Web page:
Tracking and applying the right data means identifying, monitoring, and utilizing the most relevant and valuable information to make informed decisions, optimize strategies, and drive growth.

Connect leading and lagging indicators

Leading indicators are predictive metrics that help forecast future performance, while lagging indicators are historical metrics that provide a retrospective view of past performance. The connection between leading and lagging indicators is that they work together to give a complete picture of performance.

Leading indicators provide insight into the current state of the organization and help identify areas for improvement. In contrast, lagging indicators show how well the organization has performed in the past and provide a benchmark against which to measure progress.

Collect efficiency data

Track your team’s activity to find opportunities to make them more efficient. If your team is spending a limited time selling, find out where their time is going and how to empower them to spend more time in the field.

Simplify processes

Sales systems can be complex. When you simplify processes, you create a straight line to increased performance and productivity, reduced ambiguity and guesswork, and more time on tasks that truly matter. Overall, simplicity leads to a more efficient and effective sales team, which ultimately results in increased revenue for the business.

Know How to Motivate

Motivation comes from empathy and understanding what it means to engage. For some, money is a motivator. For others, motivation comes from a sense of fulfillment, and no matter how much commission is available to them, they won’t feel any more motivated to earn it.  

Because motivation looks different for every individual, sales leaders should tailor their coaching approach to get the most from every person on their team.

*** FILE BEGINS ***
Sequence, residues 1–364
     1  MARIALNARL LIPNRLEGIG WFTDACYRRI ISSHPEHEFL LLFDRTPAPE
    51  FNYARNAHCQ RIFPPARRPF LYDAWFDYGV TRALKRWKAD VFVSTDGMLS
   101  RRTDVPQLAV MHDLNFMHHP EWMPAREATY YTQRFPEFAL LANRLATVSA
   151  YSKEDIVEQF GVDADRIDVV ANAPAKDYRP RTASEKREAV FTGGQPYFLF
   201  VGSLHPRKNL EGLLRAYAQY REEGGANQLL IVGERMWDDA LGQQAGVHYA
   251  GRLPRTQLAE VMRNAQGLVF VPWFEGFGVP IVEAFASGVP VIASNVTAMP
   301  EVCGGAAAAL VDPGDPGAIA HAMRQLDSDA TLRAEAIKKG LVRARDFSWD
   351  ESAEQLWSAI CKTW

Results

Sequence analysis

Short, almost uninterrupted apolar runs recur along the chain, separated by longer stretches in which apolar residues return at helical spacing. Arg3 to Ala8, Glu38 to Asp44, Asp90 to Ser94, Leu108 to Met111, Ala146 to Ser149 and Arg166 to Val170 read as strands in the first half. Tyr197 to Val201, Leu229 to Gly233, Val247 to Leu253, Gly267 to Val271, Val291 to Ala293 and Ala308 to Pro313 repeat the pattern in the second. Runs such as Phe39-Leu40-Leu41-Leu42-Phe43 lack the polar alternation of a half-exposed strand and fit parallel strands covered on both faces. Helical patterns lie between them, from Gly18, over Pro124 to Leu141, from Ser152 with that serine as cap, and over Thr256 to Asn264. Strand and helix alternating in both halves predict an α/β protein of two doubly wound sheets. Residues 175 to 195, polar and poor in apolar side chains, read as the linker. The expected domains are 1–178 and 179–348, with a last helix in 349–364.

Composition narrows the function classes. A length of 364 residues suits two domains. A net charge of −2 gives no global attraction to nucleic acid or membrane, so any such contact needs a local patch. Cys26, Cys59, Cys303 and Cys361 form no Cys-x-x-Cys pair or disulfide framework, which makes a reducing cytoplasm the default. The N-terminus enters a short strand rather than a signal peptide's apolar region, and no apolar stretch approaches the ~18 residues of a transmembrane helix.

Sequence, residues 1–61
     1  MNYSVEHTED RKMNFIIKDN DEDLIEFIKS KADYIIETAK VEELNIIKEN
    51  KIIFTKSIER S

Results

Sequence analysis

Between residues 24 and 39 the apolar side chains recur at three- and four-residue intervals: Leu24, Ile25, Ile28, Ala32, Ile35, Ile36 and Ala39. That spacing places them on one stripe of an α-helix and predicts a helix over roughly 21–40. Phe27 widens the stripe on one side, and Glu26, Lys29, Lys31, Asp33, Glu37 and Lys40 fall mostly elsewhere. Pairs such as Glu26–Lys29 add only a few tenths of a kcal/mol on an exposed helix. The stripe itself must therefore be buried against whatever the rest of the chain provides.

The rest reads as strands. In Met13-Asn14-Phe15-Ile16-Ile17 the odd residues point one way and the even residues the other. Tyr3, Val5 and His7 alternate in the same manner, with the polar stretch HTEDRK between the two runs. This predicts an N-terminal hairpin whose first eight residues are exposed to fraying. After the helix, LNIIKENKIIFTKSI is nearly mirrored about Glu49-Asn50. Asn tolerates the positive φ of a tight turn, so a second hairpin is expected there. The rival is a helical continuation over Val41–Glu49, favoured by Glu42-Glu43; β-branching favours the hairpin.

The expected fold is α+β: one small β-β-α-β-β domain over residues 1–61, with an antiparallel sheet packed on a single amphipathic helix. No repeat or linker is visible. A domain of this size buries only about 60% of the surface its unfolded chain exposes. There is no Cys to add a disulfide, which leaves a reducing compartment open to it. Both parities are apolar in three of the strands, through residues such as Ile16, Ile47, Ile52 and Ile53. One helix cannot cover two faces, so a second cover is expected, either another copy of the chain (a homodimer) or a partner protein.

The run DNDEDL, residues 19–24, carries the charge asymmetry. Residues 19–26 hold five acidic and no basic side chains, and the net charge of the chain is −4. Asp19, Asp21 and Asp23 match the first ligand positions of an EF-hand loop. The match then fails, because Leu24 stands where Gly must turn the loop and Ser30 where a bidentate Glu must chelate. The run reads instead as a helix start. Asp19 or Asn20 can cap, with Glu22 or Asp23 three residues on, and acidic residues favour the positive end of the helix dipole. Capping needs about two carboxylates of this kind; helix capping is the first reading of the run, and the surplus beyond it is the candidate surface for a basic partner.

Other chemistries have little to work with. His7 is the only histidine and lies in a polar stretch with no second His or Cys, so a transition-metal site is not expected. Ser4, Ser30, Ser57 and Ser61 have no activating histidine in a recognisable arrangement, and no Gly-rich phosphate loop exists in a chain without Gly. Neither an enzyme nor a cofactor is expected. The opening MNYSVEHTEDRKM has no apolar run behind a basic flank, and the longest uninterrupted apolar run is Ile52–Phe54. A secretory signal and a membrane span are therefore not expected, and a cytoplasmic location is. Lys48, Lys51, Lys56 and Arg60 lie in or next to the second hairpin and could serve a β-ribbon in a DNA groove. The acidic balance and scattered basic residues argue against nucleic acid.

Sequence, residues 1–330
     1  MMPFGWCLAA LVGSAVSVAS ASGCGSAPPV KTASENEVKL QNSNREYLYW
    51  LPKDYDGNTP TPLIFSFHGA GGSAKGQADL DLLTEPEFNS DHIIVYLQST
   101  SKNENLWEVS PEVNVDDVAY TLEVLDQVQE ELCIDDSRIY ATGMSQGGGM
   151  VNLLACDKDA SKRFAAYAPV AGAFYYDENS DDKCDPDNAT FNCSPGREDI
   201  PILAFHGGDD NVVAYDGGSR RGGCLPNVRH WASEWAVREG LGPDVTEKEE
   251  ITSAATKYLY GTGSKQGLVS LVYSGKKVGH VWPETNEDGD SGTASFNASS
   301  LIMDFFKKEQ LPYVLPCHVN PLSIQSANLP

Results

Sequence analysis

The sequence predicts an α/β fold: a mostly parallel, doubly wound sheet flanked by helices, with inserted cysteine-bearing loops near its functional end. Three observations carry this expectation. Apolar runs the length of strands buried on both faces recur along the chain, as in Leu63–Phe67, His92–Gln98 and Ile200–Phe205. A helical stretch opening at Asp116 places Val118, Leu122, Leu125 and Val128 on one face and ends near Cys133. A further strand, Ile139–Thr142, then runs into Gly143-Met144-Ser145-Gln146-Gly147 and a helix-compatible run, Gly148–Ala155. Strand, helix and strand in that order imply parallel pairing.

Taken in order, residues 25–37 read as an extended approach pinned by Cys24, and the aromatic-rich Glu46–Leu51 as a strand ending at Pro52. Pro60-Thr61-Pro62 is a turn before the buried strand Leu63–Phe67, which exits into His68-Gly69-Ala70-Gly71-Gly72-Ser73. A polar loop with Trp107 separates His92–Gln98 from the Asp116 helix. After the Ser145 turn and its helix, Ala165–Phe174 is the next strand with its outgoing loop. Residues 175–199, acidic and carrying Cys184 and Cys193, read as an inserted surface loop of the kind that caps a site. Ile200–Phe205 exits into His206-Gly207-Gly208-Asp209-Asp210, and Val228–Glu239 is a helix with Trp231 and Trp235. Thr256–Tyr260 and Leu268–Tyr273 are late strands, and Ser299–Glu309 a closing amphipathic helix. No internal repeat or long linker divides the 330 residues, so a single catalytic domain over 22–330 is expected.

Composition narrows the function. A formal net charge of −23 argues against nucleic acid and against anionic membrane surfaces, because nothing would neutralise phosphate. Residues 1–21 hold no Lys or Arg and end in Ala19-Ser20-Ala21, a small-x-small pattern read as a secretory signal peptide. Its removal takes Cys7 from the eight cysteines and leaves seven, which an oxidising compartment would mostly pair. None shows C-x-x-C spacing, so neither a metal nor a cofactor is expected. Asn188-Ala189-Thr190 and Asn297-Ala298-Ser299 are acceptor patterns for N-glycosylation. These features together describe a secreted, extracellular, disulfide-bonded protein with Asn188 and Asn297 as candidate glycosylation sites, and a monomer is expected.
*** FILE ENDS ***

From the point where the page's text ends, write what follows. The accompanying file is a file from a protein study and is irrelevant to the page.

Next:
As a sales leader, here are the ways to identify what motivates your team members: 

  • Observe their behavior, noting their interests and what excites them 
  • Review their past performance 
  • Solicit feedback from others 
  • Conduct an assessment 

Once you’ve identified what motivates your sales reps, the next step is to build it into your coaching. Here are some ways you can use motivation to drive higher performance:  

Offer incentives: Offer a financial reward for achieving specific sales goals or targets, such as bonuses, commissions, or other performance-based incentives. Incentives are powerful motivators for helping reps achieve targets more consistently. 

Provide recognition and praise: Recognize and acknowledge successes through public praise or awards. This can help boost confidence and motivation to continue achieving success. 

Provide career growth opportunities: Opportunities, such as through professional development programs or promotions, can give a sense of purpose and help set a clear path for future growth within the organization. 

Build autonomy and flexibility: Allow people the freedom to manage their own schedules and selling approach. This can increase their sense of ownership over their work and enable them to work in a way that suits their individual strengths and preferences. 

Foster team building and camaraderie: Foster a positive team culture by creating opportunities to bond and collaborate, such as through team-building or social events. Team building helps create a supportive and collaborative work environment that encourages everyone to perform at their best.

Provide healthy competition: While competition can be a motivating factor for some salespeople, it’s important to tread very carefully because it can often backfire – leading to stress, burnout, and even unethical behavior. When using this approach, balance competition with collaboration by encouraging reps to share strategies and best practices that work for them and recognize and reward individual and team successes.

Summing it Up

The most successful life sciences sales teams aren’t manufactured by having them use the latest and greatest systems and technologies. In fact, oftentimes, these systems have quite the opposite effect – creating bottlenecks to the flow of work. By leveraging personalized coaching and motivation techniques, your sales team will reward you with improved engagement, lower turnover rates, and higher levels of achievement.

Discover more ways to transform your field force. Download our free guide: Field Force Transformation: Ultimate Guide for Life Sciences Sales Teams